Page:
Smooth lillies and gilt rainbows

The Toronto Star Stylebook has more to teach me.

It seems that “gilding the lily” is a broken telephone excerpt from Shakespeare’s King John. The actual and perpetually misquoted passage is: “To gild refined gold, to paint the lily“.

As the Stylebook puts it:

gilding the lily is not only overworked, it’s wrong. The quote, from King John, is, ‘To gild refined gold, to paint the lily‘ cited by Shakespeare as examples of wretched excess.”

Here is the full thought on “double pomp” from King John:

To guard a title that was rich before,
To gild refined gold, to paint the lily,
To throw a perfume on the violet,
To smooth the ice, or add another hue
Unto the rainbow, or with taper-light
To seek the beauteous eye of heaven to garnish,
Is wasteful and ridiculous excess.

I think The Bard might agree though, that to explore rainbows, and discover they contain colours beyond easy counting — and beyond us — now that may be a noble and humbling pursuit. See: Radiolab on Colors, and Why the Sky Isn’t Blue

mantis_shrimpMantis shrimp, photo by ursanate/flickr-CC-BY-2.0. This little guy has 16 color receptors. I bet he could write a heck of a poem about rainbows.

“It can be hard to remember what one’s anticipatory image of something was once you’re on the other side. I’m no longer sure exactly what it was I was waiting for, but I do know that it was something wholly unfamiliar and thrilling. Like a new color. Not a mixture, no trace of blue or yellow or red. What would that look like? I have some basic understanding about light — how it can only be broken down and refracted into its seven constituent hues — and even though I know that the physical world makes the existence of such a thing basically impossible, I’d still really like to see that.”

~David Rakoff, in Don’t Get Too Comfortable

Me too David. Me too. Though I am happy with violets unperfumed and lillies unpainted. And when it comes to colour, I’m deferring to the shrimp.

Dear Pixar…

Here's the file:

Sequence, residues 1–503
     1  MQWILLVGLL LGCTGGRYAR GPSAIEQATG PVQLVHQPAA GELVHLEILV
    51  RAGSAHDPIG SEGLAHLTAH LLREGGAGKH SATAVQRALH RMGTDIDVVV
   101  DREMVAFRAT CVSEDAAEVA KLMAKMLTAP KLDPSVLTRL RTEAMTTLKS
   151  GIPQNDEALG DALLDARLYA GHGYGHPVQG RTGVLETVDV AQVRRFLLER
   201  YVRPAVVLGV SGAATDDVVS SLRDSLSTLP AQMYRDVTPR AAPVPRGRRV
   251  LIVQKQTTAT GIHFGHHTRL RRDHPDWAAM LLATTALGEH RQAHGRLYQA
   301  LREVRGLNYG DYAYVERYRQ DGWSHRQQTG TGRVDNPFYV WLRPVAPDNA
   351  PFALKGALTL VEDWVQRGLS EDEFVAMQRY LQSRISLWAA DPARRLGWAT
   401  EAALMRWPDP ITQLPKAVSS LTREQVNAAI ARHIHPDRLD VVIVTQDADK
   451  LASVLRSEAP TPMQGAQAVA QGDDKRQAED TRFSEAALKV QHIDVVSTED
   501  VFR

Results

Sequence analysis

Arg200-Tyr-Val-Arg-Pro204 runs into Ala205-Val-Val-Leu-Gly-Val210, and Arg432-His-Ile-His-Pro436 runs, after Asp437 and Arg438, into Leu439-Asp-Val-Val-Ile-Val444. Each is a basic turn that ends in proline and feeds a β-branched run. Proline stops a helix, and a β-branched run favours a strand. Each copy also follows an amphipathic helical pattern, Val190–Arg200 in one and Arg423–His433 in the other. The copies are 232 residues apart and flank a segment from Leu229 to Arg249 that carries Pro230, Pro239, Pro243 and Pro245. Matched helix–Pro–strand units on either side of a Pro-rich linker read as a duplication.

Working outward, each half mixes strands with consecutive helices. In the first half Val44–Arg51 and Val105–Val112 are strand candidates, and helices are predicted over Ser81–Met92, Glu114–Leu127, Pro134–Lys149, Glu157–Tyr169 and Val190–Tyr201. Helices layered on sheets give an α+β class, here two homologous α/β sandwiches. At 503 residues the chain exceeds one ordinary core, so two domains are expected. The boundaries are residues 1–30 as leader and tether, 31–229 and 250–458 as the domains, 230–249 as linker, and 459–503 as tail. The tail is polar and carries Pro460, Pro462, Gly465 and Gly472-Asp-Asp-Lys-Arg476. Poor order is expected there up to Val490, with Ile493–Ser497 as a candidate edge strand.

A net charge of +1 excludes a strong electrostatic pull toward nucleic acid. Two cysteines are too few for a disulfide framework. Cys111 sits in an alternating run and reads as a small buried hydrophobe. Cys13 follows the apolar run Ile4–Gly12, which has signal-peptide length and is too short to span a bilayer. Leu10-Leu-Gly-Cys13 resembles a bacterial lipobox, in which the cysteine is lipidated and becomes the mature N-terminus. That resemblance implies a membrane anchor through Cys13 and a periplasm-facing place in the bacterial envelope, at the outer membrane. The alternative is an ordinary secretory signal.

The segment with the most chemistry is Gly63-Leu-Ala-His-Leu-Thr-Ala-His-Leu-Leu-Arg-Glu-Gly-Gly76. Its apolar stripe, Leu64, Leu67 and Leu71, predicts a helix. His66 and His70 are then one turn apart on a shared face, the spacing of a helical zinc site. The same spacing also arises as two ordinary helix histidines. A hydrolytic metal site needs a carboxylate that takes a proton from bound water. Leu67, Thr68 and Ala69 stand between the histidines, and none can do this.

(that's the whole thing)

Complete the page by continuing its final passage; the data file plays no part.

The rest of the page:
Remembering (though I often forget) that Pixar is a subsidiary of Disney…

From NPR:

Dear Pixar, From All The Girls With Band-Aids On Their Knees

by Linda Holmes

Dear Pixar,

This is not an angry letter. It is especially not an angry letter about Up, which I adored. I could have sat in the theater and watched it two more times in a row. I cried, but I also laughed so hard in places that it wore me out.

So I’m not complaining; I’m asking. I’m asking because I think so highly of you.

Please make a movie about a girl who is not a princess.

Of the ten movies you’ve released so far, ten of them have central characters who are boys or men, or who are anthropomorphized animals or robots or bugs who are voiced by and imagined as boys or men. These movies feature women and girls to varying degrees — The Incredibles, in particular — but the story is never “a girl and the things that happen to her,” the way it’s “a boy and what happens to him.”

I want so much for girls to have a movie like Up that is about someone they can dress up as for Halloween, as Anika Noni Rose said about starring as the voice in The Princess And The Frog. Not a girl who’s a side dish, but a girl who’s the big draw.

And I’d really, really like it not to be a princess.


Yes, I am.

“…It is about saying that you are a feminist and just letting the statement sit there, instead of feeling a compulsion to modify it immediately with “but not, you know, that kind of feminist” because you don’t want to come off all Angry Girl. It is about understanding that liking Oprah and Chanel doesn’t make you a “bad” feminist — that only “liking” the wage gap makes you a “bad” feminist, because “bad” does not enter into the definition of feminism. It is about knowing that, if folks can’t grab a dictionary and see for themselves that the entry for “feminism” doesn’t say anything about hating men or chick flicks or any of that crap, it’s their problem.”

~ Yes, You Are